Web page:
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Cūḷapaduma Jātaka (No.193)

The Bodhisatta was once born as Paduma, son of the chief queen of the king of Bārāṇasī. He had six brothers. The king, becoming suspicious of his sons, ordered them to leave the kingdom. They went away with their wives, and coming to a region where no food was to be had, they killed their wives one by one and ate their flesh.

The Bodhisatta managed to save his wife by foregoing a share of the meal each day, and fled with her. During the flight the Bodhisatta gave his wife some of his blood to drink, she being so thirsty. Later they lived in a hut on the bank of the Gaṅgā. One day the Bodhisatta rescued from the river a thief with his limbs cut off who was drifting down stream in a boat. At first the Bodhisatta’s wife would not even look at the man, but soon she conceived a passion for him and threw her husband down a precipice. The Bodhisatta fell on a fig-tree, and after some time climbed down with the help of an iguana. He went to Bārāṇasī and established his claim to his father’s kingdom. His erstwhile wife, wandering from place to place with the cripple on her shoulders, gained great reputation as a devoted wife. One day she came to Bārāṇasī. There the king recognised her and revealed her treachery (J.ii.115‑21).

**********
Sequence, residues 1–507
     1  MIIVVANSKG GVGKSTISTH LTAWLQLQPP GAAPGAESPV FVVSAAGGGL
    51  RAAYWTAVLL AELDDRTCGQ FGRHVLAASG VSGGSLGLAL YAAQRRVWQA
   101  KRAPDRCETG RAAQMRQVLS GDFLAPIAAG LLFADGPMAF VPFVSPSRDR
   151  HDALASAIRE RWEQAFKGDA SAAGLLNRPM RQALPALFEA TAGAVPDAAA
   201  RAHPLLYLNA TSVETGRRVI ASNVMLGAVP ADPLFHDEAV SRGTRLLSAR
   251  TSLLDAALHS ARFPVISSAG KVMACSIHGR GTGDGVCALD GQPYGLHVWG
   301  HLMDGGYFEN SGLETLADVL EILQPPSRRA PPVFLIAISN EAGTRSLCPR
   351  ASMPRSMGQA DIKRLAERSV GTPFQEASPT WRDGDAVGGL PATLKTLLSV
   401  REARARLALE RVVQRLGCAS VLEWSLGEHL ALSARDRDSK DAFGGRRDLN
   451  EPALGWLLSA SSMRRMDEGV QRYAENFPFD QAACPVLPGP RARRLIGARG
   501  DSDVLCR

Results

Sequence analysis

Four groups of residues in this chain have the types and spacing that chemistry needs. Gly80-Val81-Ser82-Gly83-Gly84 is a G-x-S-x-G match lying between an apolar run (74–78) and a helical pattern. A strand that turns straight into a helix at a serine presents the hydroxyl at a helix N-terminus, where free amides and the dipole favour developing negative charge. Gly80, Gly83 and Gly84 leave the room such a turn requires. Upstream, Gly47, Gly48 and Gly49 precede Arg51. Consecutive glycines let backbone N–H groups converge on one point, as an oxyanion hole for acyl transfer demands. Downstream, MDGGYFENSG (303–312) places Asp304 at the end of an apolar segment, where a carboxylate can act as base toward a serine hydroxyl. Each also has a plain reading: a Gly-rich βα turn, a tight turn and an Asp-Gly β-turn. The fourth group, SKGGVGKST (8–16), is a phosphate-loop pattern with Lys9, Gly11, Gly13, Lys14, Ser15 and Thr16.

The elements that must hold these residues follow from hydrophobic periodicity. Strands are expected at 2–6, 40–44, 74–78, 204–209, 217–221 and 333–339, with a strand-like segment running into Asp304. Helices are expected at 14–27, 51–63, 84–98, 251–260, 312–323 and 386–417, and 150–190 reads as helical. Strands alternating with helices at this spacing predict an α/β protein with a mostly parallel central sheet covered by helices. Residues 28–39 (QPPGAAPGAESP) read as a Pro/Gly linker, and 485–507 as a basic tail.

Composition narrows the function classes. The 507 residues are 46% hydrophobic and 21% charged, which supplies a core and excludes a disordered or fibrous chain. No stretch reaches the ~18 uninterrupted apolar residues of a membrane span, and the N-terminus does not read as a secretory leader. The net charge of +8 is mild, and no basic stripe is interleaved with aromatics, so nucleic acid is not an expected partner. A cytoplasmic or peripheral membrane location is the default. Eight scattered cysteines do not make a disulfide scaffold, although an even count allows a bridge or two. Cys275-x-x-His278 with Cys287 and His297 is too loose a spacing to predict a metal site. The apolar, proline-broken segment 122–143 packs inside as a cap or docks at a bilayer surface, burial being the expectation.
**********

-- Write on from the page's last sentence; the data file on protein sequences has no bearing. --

The story was told in reference to a backsliding monk. The details are given in the Ummadantī Jātaka.

Devadatta was the thief, Ciñcā-māṇavikā the treacherous woman, and Ānanda the iguana.

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